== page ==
Aspire In conversation...

In conversation with Damion Boyer

5 November 2021

This week, we had a chat with Damion Boyer, Co-Founder and Interim CEO of Corvidane B.V., about his start in the Life Sciences industry, the foundation of Corvidane, his thoughts on the future Life Sciences, and his advice for those seeking to enter into the sector and found businesses of their own.

“Learn and keep learning from the process. It could be a very long one, but sticking with it, continuously improving because of it, and involving people who are better than you at your weak areas is key. If both sides’ interests are served, it can be a very fulfilling and rewarding journey.” – In conversation with Damion Boyer, Co-Founder and Interim CEO of Corvidane B.V.

In line with Aspire Life Sciences’ core belief in the power of sharing talent and experiences to drive improvement and embrace innovation, we’ve asked a company founders working in the Life Sciences sector to share some insights with us.

This week, we had a chat with Damion Boyer, Co-Founder and Interim CEO of Corvidane B.V., about his start in the Life Sciences industry, the foundation of Corvidane, his thoughts on the future Life Sciences, and his advice for those seeking to enter into the sector and found businesses of their own.

Can you tell us a bit about how you started out in Life Sciences?

I think falling into it is probably the best way to put it! I actually studied Mechanical Engineering at university, so I worked as an engineer for a few years, eventually got into Sales, and later broke into the niche of medical device sales in New York City. I started off selling medical supplies with Medline, before moving to what was US Surgical—later acquired by Medtronic—where I sold devices including surgical staplers and hernia meshes as a Senior Surgical Device Specialist.

After that experience, I knew I wanted to move from working across disease states with a range of different medical professionals to doing something more specialized, so I joined a start-up spinal implant company called TranS1 as Clinical Sales Manager for New York City. That job was more of an intense experience. I wasn’t a surgeon, but I was having to train surgeons on a brand-new approach to spinal fusion that they could never have learned in medical school or a residency. My level of responsibility rose quite significantly there, and it was definitely a challenge,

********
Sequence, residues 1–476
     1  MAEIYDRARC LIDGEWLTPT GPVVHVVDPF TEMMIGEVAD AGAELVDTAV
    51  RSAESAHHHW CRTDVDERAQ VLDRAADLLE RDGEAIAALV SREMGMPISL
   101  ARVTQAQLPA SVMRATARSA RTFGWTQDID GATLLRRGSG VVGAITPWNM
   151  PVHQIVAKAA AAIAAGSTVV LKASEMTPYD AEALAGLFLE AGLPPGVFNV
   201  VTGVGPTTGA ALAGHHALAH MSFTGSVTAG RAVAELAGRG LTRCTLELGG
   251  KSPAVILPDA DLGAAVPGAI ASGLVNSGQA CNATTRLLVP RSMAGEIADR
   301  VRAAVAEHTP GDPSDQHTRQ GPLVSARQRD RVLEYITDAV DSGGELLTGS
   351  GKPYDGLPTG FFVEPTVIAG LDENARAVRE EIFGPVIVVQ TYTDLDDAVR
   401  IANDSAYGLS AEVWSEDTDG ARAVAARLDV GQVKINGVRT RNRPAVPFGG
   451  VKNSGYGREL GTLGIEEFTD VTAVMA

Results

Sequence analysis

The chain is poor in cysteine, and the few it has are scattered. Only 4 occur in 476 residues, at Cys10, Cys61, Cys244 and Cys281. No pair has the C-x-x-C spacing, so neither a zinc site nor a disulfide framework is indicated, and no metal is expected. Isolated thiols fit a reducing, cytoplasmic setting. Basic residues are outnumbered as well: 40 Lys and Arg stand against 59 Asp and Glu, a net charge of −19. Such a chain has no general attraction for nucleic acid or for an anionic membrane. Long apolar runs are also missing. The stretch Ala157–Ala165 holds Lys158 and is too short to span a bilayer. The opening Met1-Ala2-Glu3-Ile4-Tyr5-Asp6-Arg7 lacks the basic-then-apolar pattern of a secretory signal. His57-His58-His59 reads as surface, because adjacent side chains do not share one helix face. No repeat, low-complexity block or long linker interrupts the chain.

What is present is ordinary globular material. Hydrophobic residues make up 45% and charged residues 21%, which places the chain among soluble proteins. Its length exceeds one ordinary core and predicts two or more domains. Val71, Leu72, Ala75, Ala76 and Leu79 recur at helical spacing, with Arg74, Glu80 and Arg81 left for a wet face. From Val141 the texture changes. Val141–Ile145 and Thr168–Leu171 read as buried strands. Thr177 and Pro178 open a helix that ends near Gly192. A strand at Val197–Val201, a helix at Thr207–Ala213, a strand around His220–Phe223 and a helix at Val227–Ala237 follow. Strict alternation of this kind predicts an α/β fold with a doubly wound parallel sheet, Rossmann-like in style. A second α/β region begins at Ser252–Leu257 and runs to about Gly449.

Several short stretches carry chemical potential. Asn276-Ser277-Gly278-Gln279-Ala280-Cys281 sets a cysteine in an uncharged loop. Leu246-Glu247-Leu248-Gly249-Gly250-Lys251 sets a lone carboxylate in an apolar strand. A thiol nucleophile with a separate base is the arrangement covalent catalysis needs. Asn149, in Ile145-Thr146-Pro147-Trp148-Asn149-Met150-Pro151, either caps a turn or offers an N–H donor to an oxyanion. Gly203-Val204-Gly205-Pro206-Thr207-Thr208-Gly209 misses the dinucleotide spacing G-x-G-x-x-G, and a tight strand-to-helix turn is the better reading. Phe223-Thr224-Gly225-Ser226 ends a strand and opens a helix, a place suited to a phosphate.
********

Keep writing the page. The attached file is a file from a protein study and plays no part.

Following that role, I graduated to the cardiovascular field in August 2013. As Cardiovascular Territory Manager for Maquet Cardiovascular, I sold medical devices and instrument used in coronary artery bypass grafts in New York and New Jersey.

How did Corvidane come about?

Coincidentally, while with Maquet I reconnected with I reconnected my former mentor and current business partner, John Burke. He was a chemical engineer who had been working on a chemo-centric approach to treat atherosclerosis—the build-up of fats, cholesterol, and cellular waste that is a major factor in heart attacks and strokes—while I was in the operating room observing what happens when the therapeutic treatments already out there aren’t good enough.

John had been working on a chemical composition to treat atherosclerosis for a number of years, but his original investor had pulled out of the project after becoming underfunded.

Around that time, John told me about his project and we talked about partnering. We decided he would provide the technical expertise and the chemistry know-how, and it would be my role to go out and find investors to move the project forward. That’s how the company happened. I knew nothing about pharmaceuticals or anything before we partnered up—it was completely out of the blue.